Defining refractoriness in multiple myeloma

Refractoriness to different drugs and drug classes is an important consideration in determining the best treatment strategy and eligibility for clinical trials for relapsed multiple myeloma.
Defining refractoriness in multiple myeloma
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Lenalidomide containing regimens are extensively used as first line therapy for the treatment of multiple myeloma. Current consensus definition of refractoriness in multiple myeloma is: disease that progresses while on therapy or within 60 days of last therapy with the drug in consideration. Since current treatment approaches often involve lenalidomide maintenance until progression, a majority of patients end up having disease that is refractory to lenalidomide at the time of first relapse. 

Defining refractoriness to lenalidomide is important, as disease that is considered refractory to lenalidomide would likely not benefit much from a lenalidomide containing regimen at first relapse. On the other hand,  lenalidomide sensitive disease is more likely to respond to another lenalidomide containing regimen as second line therapy.

While current management approaches recognize lenalidomide refractoriness as an important consideration in selecting second line multiple myeloma therapy , it remains a point of debate whether resistance to lenalidomide varies among patients who have disease progression on standard/ full doses of lenalidomide (25 mg once daily) as compared to those who experience progression on single agent maintenance doses (e.g., 5-15 mg once daily). To this extent, often disease progressing on standard dose of lenalidomide is considered refractory to lenalidomide, while that progressing on maintenance doses is considered lenalidomide sensitive. More generally, this applies to all myeloma drugs where there are limited data assessing and defining refractoriness to different doses/administration schedules of systemic myeloma therapies.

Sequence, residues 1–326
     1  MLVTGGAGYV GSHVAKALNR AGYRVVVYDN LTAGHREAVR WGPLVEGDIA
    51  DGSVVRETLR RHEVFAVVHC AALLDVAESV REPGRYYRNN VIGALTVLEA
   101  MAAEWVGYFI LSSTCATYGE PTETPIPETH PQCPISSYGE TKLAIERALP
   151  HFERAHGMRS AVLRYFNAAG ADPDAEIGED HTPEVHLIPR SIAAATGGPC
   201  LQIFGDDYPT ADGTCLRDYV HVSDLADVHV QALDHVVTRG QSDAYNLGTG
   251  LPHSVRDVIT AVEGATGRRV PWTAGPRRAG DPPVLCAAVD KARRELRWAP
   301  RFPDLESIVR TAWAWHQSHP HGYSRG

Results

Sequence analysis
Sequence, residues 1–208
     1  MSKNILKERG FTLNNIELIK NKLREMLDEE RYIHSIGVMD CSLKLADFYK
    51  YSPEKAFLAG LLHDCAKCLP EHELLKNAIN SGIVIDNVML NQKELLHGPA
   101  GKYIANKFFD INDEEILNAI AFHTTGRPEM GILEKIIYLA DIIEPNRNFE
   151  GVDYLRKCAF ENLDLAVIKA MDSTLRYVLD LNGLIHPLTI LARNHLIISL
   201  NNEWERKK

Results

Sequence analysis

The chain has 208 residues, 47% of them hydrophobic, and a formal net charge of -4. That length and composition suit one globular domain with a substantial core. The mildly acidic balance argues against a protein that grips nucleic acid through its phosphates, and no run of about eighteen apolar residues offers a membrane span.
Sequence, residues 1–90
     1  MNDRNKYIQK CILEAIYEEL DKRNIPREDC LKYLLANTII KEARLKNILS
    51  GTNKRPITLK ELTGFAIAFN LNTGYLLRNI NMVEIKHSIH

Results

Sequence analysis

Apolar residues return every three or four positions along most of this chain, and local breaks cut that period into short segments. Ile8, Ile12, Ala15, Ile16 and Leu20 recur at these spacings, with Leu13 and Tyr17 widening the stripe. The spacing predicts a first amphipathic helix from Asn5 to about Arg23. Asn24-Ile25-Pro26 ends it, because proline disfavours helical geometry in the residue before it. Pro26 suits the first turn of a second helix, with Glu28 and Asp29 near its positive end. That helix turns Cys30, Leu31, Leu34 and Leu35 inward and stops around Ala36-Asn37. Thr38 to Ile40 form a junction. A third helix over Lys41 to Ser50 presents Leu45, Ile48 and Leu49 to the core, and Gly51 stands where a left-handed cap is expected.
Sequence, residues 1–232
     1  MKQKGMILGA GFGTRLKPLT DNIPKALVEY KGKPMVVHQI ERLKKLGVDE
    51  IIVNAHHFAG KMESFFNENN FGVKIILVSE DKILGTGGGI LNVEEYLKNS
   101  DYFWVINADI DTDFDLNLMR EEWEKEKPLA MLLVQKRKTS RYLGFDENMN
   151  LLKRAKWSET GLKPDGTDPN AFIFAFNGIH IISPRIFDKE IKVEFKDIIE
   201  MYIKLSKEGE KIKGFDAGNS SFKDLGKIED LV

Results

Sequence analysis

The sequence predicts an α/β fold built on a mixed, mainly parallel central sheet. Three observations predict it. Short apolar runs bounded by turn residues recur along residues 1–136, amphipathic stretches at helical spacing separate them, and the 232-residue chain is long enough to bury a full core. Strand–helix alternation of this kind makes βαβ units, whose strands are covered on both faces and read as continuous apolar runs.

In this retrospective study, we assessed the impact of refractoriness to standard dose vs low doses of lenalidomide on outcomes with subsequent therapies in patients with multiple myeloma. We found that the progression free survival for second line therapy and the progression free survival with the next lenalidomide containing line of therapy after the first line therapy (lenalidomide retreatment) did not differ between disease that was refractory to standard dose lenalidomide vs low dose lenalidomide. Additionally, the outcomes of both these groups were significantly inferior to patients that were not refractory to lenalidomide. 

These findings are important for determining the choice of regimen at first relapse, and in determining clinical trial eligibility for relapsed multiple myeloma trials. This study suggests that the definition of refractoriness to lenalidomide should not be dependent on the dose of lenalidomide to which the disease was considered refractory. Patients progressing on lower maintenance doses (5–15 mg) should be considered as refractory to lenalidomide as patients progressing on the 25 mg dose.

Future studies should assess the impact of refractoriness to different doses and schedules of other myeloma drugs like proteasome inhibitors and daratumumab, and work on a uniform definition of drug refractoriness based on administration schedules of drugs.

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